JPEG, WEBP, HEIC, AVIF? This guide will help you choose.
After decades of the unrivaled dominance of JPEG, recent years have witnessed the appearance of new formats — WebP and HEIC — that challenge this position. They have only partial, but significant, support by major players among web browsers and mobile operating systems. Another new image format — AVIF — is expected to enter the scene in 2019 with promise of sweeping through the whole web.
In this article, we’ll start with a short revision of the classic formats, followed by a description of WebP and HEIC/HEIF. We’ll then move on to to explore AVIF, and end with a summary putting all the main points together.
Comments on advantages and drawbacks build both on the review of available authoritative reports and first-hand observations during the development and deployment of tools for image optimization pipelines in ecommerce workflows.
Classic image formats for the web with universal support
Let’s remind ourselves, in chronological order, of the three most important classic formats for web images.
GIF supports LZW lossless compression and multiple frames that allow us to produce simple animations.
The major limitation of this format is that it is constrained to 256 colours. This was reasonable back when it was created in the late 80’s, since the same limitation applied to existing displays. However, with the improvement of display technology it became apparent that it was not suitable to reproduce any smooth color gradients, like those found in photographic images. We can easily spot the color banding that it produces.
However, GIF allows lightweight animation with universal support. This feature has kept the format alive until today in use cases not sensitive to quality issues, the most typical being small animated images with few or no colors.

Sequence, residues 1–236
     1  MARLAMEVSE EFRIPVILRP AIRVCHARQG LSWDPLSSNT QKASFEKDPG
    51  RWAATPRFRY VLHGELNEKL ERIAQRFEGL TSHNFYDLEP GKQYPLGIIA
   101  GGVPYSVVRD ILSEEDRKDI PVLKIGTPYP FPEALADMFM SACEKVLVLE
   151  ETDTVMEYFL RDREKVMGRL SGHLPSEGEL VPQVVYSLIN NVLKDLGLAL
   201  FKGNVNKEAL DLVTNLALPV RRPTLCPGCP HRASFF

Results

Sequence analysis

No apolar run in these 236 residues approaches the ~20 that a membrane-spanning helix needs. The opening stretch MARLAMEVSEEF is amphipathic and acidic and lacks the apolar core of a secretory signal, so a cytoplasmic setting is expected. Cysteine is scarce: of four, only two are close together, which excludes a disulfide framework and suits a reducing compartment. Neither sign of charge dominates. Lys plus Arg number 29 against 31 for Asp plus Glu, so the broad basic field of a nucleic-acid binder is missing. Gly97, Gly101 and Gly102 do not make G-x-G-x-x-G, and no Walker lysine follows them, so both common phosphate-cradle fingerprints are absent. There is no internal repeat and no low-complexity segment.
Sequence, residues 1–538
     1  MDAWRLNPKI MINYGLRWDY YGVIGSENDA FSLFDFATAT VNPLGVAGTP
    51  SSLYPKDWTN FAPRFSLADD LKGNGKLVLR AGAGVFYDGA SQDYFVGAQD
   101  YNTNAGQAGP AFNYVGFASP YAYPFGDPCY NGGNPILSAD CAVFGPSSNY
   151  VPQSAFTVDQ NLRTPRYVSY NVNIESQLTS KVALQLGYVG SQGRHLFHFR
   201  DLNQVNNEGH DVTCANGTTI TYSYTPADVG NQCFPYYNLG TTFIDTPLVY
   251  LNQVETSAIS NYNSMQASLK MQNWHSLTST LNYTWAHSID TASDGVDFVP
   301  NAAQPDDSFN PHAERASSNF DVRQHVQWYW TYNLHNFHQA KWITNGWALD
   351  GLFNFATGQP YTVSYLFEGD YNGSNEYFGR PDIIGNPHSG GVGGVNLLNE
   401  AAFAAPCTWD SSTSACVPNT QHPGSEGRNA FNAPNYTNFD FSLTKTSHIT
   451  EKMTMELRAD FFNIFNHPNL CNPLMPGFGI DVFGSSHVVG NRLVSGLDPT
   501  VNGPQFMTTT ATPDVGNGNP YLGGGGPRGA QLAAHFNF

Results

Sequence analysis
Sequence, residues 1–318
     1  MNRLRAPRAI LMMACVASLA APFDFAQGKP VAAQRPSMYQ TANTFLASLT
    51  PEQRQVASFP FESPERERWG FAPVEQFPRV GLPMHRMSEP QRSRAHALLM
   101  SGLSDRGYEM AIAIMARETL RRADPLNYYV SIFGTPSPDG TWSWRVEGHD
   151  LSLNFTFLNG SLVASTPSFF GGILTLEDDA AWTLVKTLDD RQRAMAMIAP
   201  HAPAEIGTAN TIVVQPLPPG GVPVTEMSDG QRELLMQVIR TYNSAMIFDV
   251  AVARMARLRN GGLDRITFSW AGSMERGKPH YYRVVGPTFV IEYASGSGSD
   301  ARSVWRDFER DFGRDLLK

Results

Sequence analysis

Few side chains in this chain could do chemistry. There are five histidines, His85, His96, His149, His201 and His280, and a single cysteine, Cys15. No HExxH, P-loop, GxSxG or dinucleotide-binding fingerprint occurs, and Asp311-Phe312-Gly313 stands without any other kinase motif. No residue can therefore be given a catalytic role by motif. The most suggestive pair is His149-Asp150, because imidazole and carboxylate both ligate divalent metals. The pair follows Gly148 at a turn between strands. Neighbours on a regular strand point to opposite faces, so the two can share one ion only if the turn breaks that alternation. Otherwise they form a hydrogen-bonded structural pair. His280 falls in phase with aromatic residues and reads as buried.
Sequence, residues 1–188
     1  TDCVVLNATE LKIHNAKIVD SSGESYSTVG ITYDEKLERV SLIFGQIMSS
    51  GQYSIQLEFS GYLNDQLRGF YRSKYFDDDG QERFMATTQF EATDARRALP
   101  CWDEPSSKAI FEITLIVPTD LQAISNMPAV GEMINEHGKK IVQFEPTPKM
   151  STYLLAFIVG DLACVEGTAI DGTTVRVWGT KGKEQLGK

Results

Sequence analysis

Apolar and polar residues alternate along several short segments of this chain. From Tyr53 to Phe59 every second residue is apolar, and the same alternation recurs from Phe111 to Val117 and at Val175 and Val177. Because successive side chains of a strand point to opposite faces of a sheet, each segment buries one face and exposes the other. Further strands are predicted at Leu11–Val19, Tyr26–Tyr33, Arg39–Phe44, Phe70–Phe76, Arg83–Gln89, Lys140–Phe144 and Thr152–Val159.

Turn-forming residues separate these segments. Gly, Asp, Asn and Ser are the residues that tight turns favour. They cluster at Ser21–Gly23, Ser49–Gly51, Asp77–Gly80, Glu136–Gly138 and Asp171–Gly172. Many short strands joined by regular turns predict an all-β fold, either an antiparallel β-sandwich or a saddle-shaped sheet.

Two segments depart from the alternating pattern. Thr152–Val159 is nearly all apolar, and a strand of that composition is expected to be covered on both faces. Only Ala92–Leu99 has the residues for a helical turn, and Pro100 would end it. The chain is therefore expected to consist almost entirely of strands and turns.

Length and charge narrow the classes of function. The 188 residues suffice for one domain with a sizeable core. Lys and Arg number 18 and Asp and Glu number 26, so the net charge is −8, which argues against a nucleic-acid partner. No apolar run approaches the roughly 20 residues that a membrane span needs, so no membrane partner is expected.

The king of the image formats for web was developed to support digital photography workflows.
With a usual 24 bit depth, it provides far more color resolution (not to be confused with range or gamut) than the human eye can discern. It supports lossy compression by exploiting known mechanisms of human vision.
Our eyes are more sensitive to medium scales than to fine details. Consequently, JPEG allows us to discard fine details (high spatial frequencies), by an amount controlled by a quality factor. Less quality means less detail is preserved. Besides, we are much more sensitive to details with high luminance contrast than details with only chromatic contrast.
So, JPEG internally recodifies RGB (Red, Green, and Blue) images in one luminance and two chroma channels. This allows us to use chroma subsampling to discard more detail only in the chroma channels. It’s worth noting that JPEG codifies images in blocks of 8x8 pixels.
As we reduce the quality factor and/or apply more aggressive chroma subsampling, we start to get increasing artifacts of ringing, halos, blocking, or blur. An issue with JPEG is that depending on the image content, artifacts may appear at different quality factor values. The wildest difference appears when comparing the effects on natural photography with the effects on artwork. Since artwork (shapes, fonts) usually rely on sharp edges, they start to produce artifacts even for small amounts of detail discarded.